On May 15, 2019, in a one-two punch, the White House and the U.S. Department of Commerce (DOC) took actions that effectively could ban Huawei Technologies Co. Ltd., 68 of its non-U.S. affiliates, and other unnamed Chinese telecom manufacturers from selling equipment to American telecommunications providers and from buying components critical to Huawei’s products from U.S. manufacturers. Declaring a "national emergency," and stating that "foreign adversaries1 are increasingly creating and exploiting vulnerabilities in information and communications technology and services" (ICTS)2 and committing economic and industrial espionage against the U.S., President Trump signed an Executive Order that bars U.S. telecommunications networks from using equipment from foreign suppliers posing an undue national security risk. Although the Executive Order does not explicitly name any particular country or company, it unmistakably is aimed at Chinese telecom giant Huawei, China’s largest telecom manufacturer and the second largest smartphone manufacturer worldwide, and several other major Chinese telecom gear companies. The Order directs the Department of Commerce to adopt rules within 150 days barring U.S. companies from purchasing ICTS from companies "owned by, controlled by, or subject to the jurisdiction or direction of a foreign adversary." On the heels of the Executive Order, and of more immediate impact, DOC added Huawei and its 68 non-U.S. affiliates to DOC’s "Entity List," which prevents those companies from buying chips, software and other critical components from American suppliers without U.S. government approval and also forbids foreign manufacturers from selling components to Huawei if they include more than de minimus amounts of U.S.-origin parts or are based on U.S. technology.
These actions portend significant pain not just for Huawei and the other Chinese telecom companies targeted by the Order, but also for numerous American businesses. This includes both small and medium-sized telecom carriers and ISPs that have depended on Huawei and other Chinese gear as cost-effective alternatives to more expensive European equipment, and American manufacturers of chips, software and other components that are incorporated into Huawei’s products. While the exact scope of the restrictions remains to be spelled out in forthcoming DOC rules, the coordinated actions of the agency and the White House immediately cast a cloud of uncertainty over many American telecom companies’ infrastructure deployment plans, and on the markets for American component manufacturers’ products. Affected companies should (1) immediately initiate enhanced list-screening to avoid engaging in prohibited transactions with Huawei or its affiliates, (2) consider interim licensing and guidance alternatives until DOC issues rules implementing the Executive Order and delineates the intended effect of Huawei’s inclusion on the Entity List, and (3) actively participate in the Department of Commerce rulemaking proceeding to document the impact that these actions will have on them, to make their concerns and particular circumstances known, and to urge the adoption of sensible rules that do not make American companies and the customers they serve victims of collateral damage.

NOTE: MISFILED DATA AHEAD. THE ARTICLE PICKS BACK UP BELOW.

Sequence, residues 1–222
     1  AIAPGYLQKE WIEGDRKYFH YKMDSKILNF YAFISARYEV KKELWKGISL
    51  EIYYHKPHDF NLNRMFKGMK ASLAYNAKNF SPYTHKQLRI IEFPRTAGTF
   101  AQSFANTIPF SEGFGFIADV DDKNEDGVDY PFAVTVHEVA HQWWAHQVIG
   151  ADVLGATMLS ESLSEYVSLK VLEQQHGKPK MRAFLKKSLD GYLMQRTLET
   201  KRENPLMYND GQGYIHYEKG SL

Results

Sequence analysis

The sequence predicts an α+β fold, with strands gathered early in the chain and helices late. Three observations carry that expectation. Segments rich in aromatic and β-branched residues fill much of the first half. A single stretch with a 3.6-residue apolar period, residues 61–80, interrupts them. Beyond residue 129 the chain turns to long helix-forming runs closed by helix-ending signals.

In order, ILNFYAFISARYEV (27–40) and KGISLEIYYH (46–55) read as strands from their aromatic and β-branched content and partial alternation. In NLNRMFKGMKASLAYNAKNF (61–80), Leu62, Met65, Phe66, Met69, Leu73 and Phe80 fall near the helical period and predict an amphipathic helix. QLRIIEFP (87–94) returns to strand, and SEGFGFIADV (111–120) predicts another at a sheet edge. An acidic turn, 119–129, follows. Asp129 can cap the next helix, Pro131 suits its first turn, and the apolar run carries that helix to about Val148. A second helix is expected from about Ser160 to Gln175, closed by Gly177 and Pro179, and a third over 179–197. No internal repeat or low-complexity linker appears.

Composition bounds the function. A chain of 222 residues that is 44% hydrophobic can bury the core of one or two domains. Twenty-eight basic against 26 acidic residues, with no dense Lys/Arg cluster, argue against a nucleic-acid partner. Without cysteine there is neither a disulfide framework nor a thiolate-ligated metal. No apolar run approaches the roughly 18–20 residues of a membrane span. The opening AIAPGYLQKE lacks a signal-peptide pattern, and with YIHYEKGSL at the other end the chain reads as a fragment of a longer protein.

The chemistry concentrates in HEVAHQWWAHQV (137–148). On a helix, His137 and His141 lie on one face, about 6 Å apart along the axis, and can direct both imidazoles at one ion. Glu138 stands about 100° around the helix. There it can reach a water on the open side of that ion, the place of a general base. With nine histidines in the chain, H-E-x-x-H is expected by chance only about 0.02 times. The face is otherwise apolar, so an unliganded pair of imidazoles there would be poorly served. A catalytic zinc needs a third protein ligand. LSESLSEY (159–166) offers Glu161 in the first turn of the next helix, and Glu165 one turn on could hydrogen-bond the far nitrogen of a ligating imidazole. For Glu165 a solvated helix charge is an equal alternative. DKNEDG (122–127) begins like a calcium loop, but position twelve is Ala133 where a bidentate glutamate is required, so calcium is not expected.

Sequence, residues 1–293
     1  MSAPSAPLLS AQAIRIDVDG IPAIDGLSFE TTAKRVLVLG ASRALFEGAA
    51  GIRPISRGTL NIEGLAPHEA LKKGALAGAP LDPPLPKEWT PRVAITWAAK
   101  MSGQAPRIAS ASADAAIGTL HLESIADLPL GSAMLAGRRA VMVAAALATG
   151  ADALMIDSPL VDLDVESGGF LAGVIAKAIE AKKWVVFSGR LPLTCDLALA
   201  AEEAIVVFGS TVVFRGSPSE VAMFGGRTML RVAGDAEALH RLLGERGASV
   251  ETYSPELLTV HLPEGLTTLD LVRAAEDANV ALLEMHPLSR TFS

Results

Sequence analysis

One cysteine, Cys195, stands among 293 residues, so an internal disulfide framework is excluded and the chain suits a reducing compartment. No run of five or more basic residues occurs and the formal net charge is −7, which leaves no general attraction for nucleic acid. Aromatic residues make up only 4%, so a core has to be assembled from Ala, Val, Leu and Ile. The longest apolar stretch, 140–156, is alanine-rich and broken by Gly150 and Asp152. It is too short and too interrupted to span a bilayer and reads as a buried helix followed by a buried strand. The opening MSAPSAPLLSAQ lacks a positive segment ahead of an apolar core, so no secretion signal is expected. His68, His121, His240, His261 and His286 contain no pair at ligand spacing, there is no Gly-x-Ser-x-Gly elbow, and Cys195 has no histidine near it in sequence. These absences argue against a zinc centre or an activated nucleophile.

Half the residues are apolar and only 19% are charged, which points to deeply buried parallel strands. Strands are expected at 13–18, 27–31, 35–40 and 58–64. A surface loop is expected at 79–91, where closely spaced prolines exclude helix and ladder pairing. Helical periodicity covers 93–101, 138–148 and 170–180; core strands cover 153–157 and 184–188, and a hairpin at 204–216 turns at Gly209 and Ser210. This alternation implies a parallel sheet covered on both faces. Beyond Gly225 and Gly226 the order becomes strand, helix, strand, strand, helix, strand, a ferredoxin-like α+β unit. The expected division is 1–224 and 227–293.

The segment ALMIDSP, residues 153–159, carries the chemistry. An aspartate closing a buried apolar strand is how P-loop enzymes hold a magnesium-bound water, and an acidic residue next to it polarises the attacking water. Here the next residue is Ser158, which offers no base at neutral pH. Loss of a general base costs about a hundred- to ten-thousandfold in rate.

Chinese telecom manufacturers and network operators – particularly Huawei – have long been in the U.S. government’s crosshairs. Dating back at least two decades, a task force of executive branch agencies known as “Team Telecom” and the Federal Communications Commission (FCC) have imposed conditions on Chinese carriers seeking to provide facilities or services in the U.S., and on U.S. carriers proposing to use Huawei products (e.g., by forbidding use of Huawei gear in submarine cable facilities serving the U.S.) out of concern that use of such equipment would render U.S. telecom networks, and the telecom traffic they transport, vulnerable to Chinese surveillance or disruption.
In recent years, the focus on Huawei and other Chinese telecom manufacturers spread from Team Telecom and the FCC to the agencies charged with enforcing U.S. export control and trade sanctions laws – including the U.S. Department of Commerce Bureau of Industry and Security (BIS). U.S. authorities sought not only to limit which American technology and components could be sold to Huawei and other Chinese manufacturers, but also to restrict those companies from selling products containing more than de minimus amounts of U.S. components to U.S. adversaries, such as Iran. In a notorious incident, Chinese telecom manufacturer ZTE Corporation was caught selling products containing U.S. components to customers in Iran and North Korea in violation of U.S. sanctions. ZTE’s access to U.S. parts was prohibited, causing the company to suspend operations and threatening the company’s future viability. Only after agreeing to pay in excess of $1 billion in penalties, and with intervention at the highest level of government, did the U.S. agree to restore ZTE’s access to U.S. components.